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Home Page Official Publication of the State Bar of California May2005
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Inactive fees among lowest in U.S.

The State Bar has not raised the $50 annual fee for its inactive members since 1986. In fact, our inactive dues are among the lowest in the country — the national average is $113. Many states do not permit non-practicing members to “go inactive” at a reduced fee; they either pay the same fee as active members or resign from practice. The national trend is to charge inactive members about 45 percent of what active members pay; that would put the fee for California’s inactive lawyers at $175.

Inactive members receive bar publications and can join sections. They can participate in the Lawyer Assistance Program (10 percent of current participants are inactive). They are eligible for member benefits such as reduced premium insurance programs. If inactive members participate in the homeowners or other improved insurance programs that will be offered shortly, they’ll more than get their dues money back in discounts. Inactive members are exempt from MCLE requirements.

On the flip side, inactive members are subject to many of the same obligations as active members. They can be disciplined, and sometimes are, and we propose that inactive lawyers pay the same $25 special discipline assessment that active members have been paying since 1990. Their misdeeds can result in charges to the Client Security Fund and we propose that inactive members pay $10 annually (25 percent of the $40 active members will pay under the new formula) to support that fund. We are asking that they contribute $10 to the Lawyer Assistance Program, as all active members do.

We believe it is only fair that inactive members begin to bear a small part of the cost of these programs.

The dues bill is a work in progress. Based on some of the feedback we have received, the bar is looking at ways to phase in the fee increase so the immediate impact on members is lessened.

John Van de Kamp
President, State Bar of California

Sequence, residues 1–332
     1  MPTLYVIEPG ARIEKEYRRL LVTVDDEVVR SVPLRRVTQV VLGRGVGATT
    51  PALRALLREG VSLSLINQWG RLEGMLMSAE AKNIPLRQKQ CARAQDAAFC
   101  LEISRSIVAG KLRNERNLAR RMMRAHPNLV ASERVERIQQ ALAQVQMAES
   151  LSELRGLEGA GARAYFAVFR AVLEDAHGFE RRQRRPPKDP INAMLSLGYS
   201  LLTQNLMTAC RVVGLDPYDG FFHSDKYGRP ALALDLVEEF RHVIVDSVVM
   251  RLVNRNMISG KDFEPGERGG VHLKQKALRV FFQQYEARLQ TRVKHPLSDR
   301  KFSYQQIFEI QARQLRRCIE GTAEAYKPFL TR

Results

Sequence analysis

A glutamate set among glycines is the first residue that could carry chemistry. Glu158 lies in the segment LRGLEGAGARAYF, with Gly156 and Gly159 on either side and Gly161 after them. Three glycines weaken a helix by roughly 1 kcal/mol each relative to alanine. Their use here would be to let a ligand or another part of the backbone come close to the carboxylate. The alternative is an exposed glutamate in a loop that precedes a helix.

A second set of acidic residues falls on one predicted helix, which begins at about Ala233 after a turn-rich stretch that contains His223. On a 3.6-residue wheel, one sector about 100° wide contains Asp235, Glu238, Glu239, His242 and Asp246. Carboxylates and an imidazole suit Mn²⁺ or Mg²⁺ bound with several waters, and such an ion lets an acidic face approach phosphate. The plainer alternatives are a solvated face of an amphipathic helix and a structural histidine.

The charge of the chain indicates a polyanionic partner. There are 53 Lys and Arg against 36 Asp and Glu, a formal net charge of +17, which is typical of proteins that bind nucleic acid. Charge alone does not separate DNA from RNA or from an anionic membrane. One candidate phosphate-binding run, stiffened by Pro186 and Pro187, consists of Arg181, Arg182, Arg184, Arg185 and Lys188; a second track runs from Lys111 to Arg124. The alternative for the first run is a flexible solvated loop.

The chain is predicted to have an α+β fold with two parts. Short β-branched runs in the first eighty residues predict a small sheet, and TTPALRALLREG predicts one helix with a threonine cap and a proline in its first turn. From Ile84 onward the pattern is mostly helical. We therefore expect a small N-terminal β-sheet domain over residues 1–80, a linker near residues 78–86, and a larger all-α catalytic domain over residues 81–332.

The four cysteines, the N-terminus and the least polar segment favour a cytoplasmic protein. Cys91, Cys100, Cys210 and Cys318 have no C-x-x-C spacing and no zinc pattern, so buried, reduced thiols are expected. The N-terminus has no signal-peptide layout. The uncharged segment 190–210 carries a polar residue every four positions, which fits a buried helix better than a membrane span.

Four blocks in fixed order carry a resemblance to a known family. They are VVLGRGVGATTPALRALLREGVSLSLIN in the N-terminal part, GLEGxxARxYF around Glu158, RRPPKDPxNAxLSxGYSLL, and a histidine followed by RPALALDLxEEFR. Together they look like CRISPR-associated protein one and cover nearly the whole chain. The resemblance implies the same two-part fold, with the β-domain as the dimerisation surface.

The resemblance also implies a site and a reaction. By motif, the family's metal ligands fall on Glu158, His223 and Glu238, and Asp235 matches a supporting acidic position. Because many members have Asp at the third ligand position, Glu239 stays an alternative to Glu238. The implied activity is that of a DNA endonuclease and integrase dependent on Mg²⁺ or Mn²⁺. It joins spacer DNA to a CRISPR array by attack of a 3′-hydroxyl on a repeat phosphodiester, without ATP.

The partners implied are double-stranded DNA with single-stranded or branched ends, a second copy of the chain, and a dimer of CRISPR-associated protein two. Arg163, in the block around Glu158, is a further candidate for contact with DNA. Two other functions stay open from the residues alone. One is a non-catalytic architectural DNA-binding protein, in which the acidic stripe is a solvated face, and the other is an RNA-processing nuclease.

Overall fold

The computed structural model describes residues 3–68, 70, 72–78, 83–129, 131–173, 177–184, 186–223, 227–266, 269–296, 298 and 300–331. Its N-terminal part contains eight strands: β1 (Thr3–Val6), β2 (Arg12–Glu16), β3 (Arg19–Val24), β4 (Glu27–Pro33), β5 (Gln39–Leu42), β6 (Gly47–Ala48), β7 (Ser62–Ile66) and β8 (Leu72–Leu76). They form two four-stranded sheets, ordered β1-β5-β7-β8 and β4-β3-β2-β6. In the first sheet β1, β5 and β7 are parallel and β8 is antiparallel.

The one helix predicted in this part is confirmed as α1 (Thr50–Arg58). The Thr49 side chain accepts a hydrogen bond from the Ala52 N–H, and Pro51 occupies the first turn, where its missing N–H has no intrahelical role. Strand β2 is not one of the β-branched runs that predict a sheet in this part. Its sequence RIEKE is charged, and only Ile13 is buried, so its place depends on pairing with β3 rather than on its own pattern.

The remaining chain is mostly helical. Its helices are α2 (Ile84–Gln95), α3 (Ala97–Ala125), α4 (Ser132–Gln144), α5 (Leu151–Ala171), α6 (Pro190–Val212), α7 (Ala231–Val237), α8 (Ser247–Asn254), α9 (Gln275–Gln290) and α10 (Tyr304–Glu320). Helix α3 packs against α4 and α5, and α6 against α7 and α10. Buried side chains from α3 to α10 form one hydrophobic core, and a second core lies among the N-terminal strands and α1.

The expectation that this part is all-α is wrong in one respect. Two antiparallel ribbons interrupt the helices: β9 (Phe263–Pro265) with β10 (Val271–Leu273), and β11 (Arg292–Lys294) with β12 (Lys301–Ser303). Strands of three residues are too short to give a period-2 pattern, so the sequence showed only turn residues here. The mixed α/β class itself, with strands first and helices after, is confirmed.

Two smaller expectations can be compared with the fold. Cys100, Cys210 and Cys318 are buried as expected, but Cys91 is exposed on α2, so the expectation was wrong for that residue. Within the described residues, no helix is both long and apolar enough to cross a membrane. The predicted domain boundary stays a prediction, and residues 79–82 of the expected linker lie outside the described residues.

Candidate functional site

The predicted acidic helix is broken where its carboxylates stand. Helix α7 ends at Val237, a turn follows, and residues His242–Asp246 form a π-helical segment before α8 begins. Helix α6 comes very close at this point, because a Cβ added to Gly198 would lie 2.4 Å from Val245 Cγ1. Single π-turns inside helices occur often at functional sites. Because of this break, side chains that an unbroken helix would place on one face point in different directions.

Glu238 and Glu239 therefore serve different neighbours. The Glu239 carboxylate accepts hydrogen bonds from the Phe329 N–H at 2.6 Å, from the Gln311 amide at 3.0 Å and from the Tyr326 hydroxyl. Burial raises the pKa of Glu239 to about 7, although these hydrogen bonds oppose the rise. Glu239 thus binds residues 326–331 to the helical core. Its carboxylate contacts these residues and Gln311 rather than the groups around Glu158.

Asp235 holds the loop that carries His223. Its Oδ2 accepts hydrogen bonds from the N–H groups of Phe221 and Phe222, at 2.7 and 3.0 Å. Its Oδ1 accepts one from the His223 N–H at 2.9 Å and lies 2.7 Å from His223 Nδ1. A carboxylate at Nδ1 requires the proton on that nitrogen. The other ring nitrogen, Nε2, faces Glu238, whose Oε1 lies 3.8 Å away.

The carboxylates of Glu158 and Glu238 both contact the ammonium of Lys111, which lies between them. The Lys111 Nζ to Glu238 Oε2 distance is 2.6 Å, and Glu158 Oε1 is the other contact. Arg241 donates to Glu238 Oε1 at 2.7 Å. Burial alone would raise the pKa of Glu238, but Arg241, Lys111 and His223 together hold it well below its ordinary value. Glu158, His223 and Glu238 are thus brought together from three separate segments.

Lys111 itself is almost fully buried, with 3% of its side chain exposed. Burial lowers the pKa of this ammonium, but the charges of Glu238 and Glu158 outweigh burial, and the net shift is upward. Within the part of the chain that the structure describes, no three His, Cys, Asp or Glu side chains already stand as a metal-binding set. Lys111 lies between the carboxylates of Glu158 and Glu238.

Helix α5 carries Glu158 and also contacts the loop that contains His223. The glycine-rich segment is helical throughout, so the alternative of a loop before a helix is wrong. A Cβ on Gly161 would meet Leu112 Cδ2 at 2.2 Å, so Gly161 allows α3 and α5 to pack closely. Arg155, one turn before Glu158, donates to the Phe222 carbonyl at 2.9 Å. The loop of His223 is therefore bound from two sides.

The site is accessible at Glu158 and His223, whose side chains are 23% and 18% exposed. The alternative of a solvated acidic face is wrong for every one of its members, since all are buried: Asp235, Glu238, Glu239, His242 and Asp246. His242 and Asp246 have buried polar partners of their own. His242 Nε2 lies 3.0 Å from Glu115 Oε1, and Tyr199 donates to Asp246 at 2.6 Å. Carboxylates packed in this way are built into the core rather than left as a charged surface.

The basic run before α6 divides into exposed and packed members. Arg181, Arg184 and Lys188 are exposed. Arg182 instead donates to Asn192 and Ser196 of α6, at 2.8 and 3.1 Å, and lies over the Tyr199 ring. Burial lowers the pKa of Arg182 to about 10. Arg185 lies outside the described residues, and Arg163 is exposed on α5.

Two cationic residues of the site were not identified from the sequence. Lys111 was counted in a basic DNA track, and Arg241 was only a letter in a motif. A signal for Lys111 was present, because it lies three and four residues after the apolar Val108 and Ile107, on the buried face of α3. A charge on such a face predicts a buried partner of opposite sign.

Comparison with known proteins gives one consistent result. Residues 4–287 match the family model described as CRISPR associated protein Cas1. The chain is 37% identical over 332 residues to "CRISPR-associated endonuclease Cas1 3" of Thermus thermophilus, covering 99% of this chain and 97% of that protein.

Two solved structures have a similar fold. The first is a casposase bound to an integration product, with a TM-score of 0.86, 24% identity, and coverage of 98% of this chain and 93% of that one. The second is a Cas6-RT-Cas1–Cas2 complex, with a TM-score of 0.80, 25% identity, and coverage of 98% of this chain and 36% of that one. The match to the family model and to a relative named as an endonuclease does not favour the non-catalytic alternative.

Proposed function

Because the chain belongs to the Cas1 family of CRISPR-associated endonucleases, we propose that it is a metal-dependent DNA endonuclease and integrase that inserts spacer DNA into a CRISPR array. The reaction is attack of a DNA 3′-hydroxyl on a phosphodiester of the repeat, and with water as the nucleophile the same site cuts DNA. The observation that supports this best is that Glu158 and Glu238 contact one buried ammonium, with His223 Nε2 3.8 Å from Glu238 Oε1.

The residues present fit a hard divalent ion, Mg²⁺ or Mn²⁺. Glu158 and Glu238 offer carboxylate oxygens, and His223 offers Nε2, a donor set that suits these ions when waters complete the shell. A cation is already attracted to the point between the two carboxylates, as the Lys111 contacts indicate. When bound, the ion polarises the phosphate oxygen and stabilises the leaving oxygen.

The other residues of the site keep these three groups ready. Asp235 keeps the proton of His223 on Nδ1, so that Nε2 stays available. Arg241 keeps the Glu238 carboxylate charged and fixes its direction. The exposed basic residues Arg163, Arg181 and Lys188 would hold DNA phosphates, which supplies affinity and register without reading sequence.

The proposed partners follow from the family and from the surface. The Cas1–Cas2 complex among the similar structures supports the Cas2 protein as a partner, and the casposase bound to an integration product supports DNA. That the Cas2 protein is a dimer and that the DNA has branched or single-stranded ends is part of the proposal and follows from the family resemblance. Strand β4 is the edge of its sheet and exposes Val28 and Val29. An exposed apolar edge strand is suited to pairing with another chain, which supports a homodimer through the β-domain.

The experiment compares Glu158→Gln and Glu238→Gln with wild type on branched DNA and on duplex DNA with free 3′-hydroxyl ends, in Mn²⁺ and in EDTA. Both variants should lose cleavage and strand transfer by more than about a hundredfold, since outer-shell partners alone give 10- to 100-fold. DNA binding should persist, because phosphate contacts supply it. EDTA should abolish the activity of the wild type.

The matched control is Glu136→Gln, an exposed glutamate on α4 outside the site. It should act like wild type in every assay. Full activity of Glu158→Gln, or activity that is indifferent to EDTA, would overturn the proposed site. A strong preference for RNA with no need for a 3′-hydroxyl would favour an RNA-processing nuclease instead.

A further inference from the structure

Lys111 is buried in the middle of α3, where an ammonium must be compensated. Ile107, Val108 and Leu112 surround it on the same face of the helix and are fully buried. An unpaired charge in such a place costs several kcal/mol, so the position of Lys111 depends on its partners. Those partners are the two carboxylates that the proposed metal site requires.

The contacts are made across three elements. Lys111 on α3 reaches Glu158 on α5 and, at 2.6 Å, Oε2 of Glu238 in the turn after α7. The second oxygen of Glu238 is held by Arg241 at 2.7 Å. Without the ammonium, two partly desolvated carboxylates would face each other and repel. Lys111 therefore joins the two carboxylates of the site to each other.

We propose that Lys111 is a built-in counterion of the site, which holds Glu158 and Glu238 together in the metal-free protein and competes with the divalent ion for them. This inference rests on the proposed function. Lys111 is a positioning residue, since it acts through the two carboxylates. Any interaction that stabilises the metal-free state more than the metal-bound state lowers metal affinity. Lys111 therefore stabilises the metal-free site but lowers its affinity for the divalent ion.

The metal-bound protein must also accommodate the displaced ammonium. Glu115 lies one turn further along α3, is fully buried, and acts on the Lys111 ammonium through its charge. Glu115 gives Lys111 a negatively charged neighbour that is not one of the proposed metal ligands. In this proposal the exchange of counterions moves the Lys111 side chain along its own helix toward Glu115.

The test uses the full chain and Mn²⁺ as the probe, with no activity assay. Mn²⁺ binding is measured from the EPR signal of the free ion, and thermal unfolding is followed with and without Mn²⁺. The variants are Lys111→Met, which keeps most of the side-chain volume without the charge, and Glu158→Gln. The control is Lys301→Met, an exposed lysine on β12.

No rational relationship

As a long-time inactive member of the State Bar, I must object to the proposal to increase dues from $50 to $135 for inactive members and from $390 to $395 for active members (April). Active member dues would increase by only $5 — just over 1 percent — while inactive dues would increase by $85 — an increase of 170 percent. The resulting shift in dues burden bears no rational relationship to the cost of State Bar activities funded by dues revenue.

The State Bar budget is overwhelmingly devoted to activities related solely to the active membership, yet under this irrational and arbitrary proposal, inactive members would be funding a much greater — and grossly disproportionate — share of those activities.

If budget pressures require a dues increase, then the burden should fall on the source of those pressures: the active membership.

Lance Vinson
The Woodlands, Texas

Not supportable

Many inactive lawyers are retired on a fixed income, many others have been working outside the practice for years. They remain proud to be lawyers and dutifully pay their annual dues to receive the Bar Journal and be kept abreast of recent developments in the State Bar. But while the current inactive dues of $50 may seem low, what other benefits accrue from even that fee?

It would seem the bar, its active lawyers having mounted up a sizable debt, is taxing those to whom it confers the least benefits — the very members who have no voice in the bar. Under such circumstances, I find a 170 percent increase insupportable and unconscionable.

Ronald A. Suppa
Westlake Village

Across the board

While I think that $50 remains a fair and reasonable level of dues for those who are not in active practice, I wish to point out that an across the board increase of $25 for active and inactive members alike could provide even more additional income than AB 1529 — $4.75 million — and would be far less likely to drive away those who value their continuing connection with the State Bar but derive no income from that association.

Howard M. Belove

More than a Bar Journal . . .